Banking sector of Kazakhstan displayed an impressive growth all over the Commonwealth in 2006
Rates of growth and levels of developments in the meantime vary from country to country. Kazakh banks did the best and reached the level typical of the most advanced countries of the world (in the context of the national economy, of course). Russian banks remain at the average CIS level.
Level of national banking systems is evaluated by the ratio between their total assets and the GDP. Where availability of banking services is concerned, Kazakhstan is an unquestionable leader in the Commonwealth (101.7%). All other countries are far behind - Ukraine with 63.5%, Russia with 52.8%, and Moldova with 51.7%.
The Uzbek banking system is the outsider. The ratio between assets and capitals went down there from 37% to 34.7%, and the rate of growth was one of the lowest throughout the Commonwealth. This banking system is one of the least transparent in the post-Soviet zone. Aggregate portfolios of Uzbek banks' loans went down from $3.3 million to $3.2 million in 2005. This figure was not even published in 2006 (a clear indication of continued deterioration).
Analysis of the parameters of the national banking systems in the last two years explains the Kazakh success. The ratio between assets and GDP more than doubled (48.5% to 101.7%). The situation with the ratio between loans and the GDP (32.7% to 68.7%) and capitals and the GDP (6.3% to 13.4%) is similar.
As a matter of fact, this performance is quite outstanding even by East European standards. The average ratio between assets and the GDP there amounts to 60-100% with the exception of the leaders like the Czech Republic and Croatia with the coefficient approaching 110%. The Kazakh banking system formally matches its analogs in the advanced countries like the United States (70%) and Germany (137%) though the room for improvement is still considerable bearing in mind that in France this parameter amounts to 239% and in Great Britain to 340%. The record figures shown by the Kazakh banking system are ascribed to the growth of its total assets related to the institutional reforms under way.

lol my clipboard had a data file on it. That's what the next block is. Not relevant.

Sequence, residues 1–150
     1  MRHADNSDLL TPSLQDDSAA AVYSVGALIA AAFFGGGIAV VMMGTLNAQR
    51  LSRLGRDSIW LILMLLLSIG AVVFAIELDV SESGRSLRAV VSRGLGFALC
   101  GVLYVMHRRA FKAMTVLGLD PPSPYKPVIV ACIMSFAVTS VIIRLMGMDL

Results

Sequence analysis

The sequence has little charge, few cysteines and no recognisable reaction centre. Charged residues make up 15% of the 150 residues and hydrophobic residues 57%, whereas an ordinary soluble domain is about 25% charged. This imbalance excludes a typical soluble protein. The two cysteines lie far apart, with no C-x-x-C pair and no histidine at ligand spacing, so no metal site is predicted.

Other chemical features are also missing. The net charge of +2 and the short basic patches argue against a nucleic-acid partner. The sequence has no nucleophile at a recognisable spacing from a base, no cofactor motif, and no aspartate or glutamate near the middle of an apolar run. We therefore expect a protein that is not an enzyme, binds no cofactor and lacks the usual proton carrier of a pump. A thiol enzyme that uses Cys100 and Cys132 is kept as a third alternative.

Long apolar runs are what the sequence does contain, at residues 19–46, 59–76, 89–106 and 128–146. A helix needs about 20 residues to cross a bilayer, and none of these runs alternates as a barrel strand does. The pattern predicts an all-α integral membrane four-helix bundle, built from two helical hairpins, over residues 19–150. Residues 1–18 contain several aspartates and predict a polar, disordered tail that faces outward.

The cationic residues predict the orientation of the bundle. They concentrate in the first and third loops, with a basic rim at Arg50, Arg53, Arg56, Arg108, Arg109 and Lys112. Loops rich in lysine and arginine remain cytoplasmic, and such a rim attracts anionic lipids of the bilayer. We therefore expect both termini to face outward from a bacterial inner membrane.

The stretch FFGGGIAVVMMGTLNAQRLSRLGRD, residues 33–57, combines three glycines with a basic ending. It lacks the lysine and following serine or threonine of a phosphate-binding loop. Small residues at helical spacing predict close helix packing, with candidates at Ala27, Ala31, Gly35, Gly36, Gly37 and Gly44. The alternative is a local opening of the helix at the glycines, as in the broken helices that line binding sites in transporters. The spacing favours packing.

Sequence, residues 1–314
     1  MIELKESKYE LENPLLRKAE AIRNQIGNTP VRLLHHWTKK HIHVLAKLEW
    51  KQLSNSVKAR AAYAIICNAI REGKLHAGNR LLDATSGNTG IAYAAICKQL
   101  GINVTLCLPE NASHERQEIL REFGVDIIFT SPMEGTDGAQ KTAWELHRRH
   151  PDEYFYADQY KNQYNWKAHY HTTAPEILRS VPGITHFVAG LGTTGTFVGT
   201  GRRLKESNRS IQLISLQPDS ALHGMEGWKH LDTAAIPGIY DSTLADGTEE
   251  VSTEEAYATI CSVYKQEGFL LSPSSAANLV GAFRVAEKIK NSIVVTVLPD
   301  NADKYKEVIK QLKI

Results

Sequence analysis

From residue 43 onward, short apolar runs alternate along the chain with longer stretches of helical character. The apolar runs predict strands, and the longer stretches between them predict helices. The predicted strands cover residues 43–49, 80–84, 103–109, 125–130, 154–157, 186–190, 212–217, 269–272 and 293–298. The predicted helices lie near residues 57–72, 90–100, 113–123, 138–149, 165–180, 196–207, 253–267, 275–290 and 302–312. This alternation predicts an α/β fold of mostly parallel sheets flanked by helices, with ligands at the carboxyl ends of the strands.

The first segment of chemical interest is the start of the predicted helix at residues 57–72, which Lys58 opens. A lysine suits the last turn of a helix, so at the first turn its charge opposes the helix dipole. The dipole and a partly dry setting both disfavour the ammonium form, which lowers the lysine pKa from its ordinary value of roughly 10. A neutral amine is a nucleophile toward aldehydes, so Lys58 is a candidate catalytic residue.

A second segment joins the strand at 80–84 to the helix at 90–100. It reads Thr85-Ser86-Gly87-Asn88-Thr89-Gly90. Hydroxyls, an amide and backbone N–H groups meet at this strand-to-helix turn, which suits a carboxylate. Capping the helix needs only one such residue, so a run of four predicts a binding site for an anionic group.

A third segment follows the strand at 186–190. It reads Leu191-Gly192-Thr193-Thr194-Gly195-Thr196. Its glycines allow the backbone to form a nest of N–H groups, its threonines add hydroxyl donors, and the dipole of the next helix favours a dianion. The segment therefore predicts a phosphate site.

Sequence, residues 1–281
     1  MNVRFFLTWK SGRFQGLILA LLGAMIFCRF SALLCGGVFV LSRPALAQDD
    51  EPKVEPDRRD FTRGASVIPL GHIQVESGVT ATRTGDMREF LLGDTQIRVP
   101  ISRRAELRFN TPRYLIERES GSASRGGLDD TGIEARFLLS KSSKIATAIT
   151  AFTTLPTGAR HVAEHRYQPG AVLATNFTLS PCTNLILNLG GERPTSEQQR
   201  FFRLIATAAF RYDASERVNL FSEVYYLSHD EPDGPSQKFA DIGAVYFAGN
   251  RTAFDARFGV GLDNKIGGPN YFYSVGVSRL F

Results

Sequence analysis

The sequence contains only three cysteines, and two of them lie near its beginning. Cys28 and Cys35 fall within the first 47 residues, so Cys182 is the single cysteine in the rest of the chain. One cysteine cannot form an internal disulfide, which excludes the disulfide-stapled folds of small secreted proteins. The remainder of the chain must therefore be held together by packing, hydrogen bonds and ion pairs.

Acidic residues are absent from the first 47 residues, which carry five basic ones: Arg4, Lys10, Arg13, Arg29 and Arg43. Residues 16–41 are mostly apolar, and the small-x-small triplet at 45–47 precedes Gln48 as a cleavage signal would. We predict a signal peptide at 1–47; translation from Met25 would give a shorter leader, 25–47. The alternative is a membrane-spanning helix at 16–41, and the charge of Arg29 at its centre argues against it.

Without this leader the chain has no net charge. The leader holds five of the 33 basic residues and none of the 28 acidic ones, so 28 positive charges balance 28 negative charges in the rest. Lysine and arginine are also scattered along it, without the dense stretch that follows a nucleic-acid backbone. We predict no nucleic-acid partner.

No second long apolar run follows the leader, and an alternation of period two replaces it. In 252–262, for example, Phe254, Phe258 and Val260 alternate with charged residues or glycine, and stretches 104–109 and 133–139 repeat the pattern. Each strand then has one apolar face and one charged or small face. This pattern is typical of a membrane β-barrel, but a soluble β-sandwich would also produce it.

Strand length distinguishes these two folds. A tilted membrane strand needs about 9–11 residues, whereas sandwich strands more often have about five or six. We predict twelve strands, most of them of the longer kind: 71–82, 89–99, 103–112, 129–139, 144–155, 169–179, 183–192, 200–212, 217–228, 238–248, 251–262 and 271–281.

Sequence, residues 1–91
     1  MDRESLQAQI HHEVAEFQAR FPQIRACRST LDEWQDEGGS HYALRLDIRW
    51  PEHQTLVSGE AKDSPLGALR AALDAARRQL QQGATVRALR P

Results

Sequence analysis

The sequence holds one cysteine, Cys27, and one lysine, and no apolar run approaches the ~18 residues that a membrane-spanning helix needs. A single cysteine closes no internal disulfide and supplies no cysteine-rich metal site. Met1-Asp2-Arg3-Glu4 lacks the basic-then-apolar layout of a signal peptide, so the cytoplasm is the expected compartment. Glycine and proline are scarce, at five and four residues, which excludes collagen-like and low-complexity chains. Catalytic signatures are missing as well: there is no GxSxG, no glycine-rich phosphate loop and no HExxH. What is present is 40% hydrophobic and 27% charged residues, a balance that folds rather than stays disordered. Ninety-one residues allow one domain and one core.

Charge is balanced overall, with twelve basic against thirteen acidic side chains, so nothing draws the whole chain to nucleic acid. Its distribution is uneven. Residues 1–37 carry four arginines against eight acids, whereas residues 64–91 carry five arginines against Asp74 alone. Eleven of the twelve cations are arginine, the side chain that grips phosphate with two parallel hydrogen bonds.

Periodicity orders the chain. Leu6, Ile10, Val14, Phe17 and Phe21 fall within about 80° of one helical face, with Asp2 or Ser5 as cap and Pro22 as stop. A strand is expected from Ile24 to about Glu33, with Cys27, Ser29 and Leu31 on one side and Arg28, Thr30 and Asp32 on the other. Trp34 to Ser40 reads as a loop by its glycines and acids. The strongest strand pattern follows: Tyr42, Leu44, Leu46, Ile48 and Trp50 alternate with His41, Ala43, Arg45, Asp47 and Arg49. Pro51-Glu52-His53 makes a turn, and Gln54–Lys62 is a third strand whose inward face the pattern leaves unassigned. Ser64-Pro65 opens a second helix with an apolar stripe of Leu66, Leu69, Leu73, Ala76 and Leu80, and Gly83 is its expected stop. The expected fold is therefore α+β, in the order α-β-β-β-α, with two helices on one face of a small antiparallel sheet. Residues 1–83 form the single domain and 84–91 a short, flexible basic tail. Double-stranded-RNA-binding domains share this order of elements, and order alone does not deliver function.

The Kazakh Central Bank launched radical reforms and reduced the number of commercial banks in the republic to 33 by January 1, 2007 (against 1,189 in Russia). This dramatic reduction allowed for a more exacting and versatile supervision approaching international standards. Kazakh banks provide reports in accordance with internationally accepted requirements. That and the mandatory audit made the national banking system more transparent, increased domestic and foreign investors' confidence in it, and generally improved the overall performance. The growth was so rapid, in fact, that local regulators decided to curtail it somewhat and specified a connection between the loans made by the banks and size of their own capitals.
Parameters of sufficiency of capitals is another importance nuance. The norms established in Kazakhstan (5-6% for the ratio between first level capitals and total assets and 10-12% for the ratio between capitals and assets evaluated by degree of risk) do not impede the growth of loans and, consequently, total assets.
It should be added as well that the Kazakh banking system is highly concentrated. Ten largest banks control 94% of total assets. It means that the whole system enjoys the highest possible pre-investment credit ratings. The said ten largest banks therefore set the general trend. In Russia, ten largest banks control only 54% of all assets. Reduction of the number of financial establishments usually boosts investment attractiveness of the remaining ones in the eyes of foreign players in the market.
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Aleksei Buzdalin of INTERFAX-CEA
Kommersant-Bank, April 5, 2007, p. 29
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